The information provided below is for readers based in the United States of America. Readers outside of the United States of America should seek the information from local sources.


Evidence on the safety of lamotrigine during pregnancy and breastfeeding is conflicting. The combination of lamotrigine with other seizure medication may increase the risk of birth defects. It is important to weigh the pros and cons of taking this medication during pregnancy.

What is lamotrigine?

Lamotrigine is a  prescription anticonvulsant medication used alone or in combination with other medications.

What is lamotrigine used to treat?

Lamotrigine is used to treat epileptic seizures including partial onset seizures, partial generalized tonic-clonic seizures, bipolar I disorder, bipolar depression, and Lennox-Gastaut syndrome in children.

How does lamotrigine work?

Lamotrigine regulates the electrical activity and release of neurotransmitters in the brain to prevent seizures. 

If I am taking lamotrigine, can it harm my baby?

Lamotrigine does cross the human placenta to reach the developing baby. The Lamotrigine Pregnancy Registry analysis of data from 1992 to 2010 in infants born to mothers on lamotrigine during pregnancy reported a 2.2% risk of major birth defects during first trimester exposure to the medication. The rate of major birth defects when mothers used lamotrigine plus another epilepsy medication was 2.8%. Using a combination of medications including lamotrigine during pregnancy or taking large doses of the medication may increase the risk of birth defects. Additional registries found similar risks of birth defects with lamotrigine use during pregnancy, but concluded that a link between lamotrigine and birth defects was not conclusive. One 2006 study linked lamotrigine use during pregnancy to an increased risk of cleft palate; however, other studies did not find an increased risk of cleft palate. Lamotrigine use during pregnancy has also been linked to reduced infant IQ in some studies.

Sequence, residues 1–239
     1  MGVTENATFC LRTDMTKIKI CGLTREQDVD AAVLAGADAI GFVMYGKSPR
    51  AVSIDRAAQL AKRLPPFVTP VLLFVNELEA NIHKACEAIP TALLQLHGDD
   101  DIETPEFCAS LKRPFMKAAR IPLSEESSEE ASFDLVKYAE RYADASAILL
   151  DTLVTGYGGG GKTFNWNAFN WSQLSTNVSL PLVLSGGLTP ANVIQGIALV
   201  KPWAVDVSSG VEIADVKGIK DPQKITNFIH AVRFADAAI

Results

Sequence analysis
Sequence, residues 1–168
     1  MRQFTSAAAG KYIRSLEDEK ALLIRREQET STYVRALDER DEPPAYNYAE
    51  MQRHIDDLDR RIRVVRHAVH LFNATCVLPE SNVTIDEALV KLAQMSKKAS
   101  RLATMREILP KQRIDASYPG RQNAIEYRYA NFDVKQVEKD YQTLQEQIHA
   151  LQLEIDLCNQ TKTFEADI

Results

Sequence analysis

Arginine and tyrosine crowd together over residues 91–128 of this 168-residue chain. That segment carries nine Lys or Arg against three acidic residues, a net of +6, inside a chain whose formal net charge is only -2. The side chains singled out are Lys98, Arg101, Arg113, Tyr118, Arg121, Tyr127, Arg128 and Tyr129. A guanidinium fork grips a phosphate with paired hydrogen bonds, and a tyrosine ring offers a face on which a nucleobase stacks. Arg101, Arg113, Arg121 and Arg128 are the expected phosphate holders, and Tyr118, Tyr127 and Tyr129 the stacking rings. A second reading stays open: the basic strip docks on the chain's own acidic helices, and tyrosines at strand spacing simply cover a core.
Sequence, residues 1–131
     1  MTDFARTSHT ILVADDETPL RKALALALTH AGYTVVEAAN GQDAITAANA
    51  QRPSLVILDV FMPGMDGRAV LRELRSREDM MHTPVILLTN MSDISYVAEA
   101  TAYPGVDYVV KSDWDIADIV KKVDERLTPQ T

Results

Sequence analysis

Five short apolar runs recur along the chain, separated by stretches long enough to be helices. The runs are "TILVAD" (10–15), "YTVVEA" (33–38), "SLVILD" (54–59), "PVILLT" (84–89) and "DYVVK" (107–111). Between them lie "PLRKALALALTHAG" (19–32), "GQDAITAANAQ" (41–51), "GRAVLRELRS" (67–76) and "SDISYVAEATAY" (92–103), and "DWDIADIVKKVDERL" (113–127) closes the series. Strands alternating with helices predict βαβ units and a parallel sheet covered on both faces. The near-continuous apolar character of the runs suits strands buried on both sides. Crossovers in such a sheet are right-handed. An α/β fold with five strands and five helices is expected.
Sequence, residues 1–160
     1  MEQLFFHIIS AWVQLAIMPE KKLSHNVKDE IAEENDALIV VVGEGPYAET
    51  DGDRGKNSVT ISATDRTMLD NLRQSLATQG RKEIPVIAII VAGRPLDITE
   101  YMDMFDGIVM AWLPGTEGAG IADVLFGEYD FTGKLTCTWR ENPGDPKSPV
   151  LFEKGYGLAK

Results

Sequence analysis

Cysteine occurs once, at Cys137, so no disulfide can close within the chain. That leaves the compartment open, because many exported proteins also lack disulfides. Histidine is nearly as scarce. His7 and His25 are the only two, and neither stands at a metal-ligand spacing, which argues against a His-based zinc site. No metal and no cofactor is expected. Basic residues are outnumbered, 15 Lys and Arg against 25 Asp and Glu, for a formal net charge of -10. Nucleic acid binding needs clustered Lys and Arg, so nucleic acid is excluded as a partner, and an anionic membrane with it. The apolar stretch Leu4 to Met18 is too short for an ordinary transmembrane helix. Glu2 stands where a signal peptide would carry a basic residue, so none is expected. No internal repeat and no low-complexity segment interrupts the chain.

If I am taking lamotrigine and become pregnant, what should I do?

Women who are attempting to conceive or become pregnant while on lamotrigine should speak with their doctor. It is only recommended to continue lamotrigine during pregnancy if the benefit to the mother outweighs the risk to the infant. Folate supplementation is recommended during pregnancy with lamotrigine exposure since the medication can decrease folate levels. Pregnancy can change the levels of lamotrigine in the mother which can increase the risk of seizures. In women who plan to become pregnant, baseline lamotrigine levels should be measured before pregnancy to help guide medication dosing during pregnancy. Women who continue to take lamotrigine during pregnancy should have continued monitoring of drug levels throughout pregnancy and after delivery. The lowest possible dose without additional medications is recommended in women continuing seizure therapy during pregnancy.

If I am taking lamotrigine, can I safely breastfeed my baby?

Lamotrigine is expected to pass into breast milk. It is estimated that infants are exposed to 2% to 20% of the mother’s dose; some reports say that breastfeeding infants can be exposed to lamotrigine concentrations as high as 50% of the mother’s dose. It is important to consider the risks of continuing lamotrigine during breastfeeding compared to the benefits of continuing the medication. Infants who are exposed to lamotrigine through breast milk should be monitored for adverse events such as sedation (extreme sleepiness) and rash.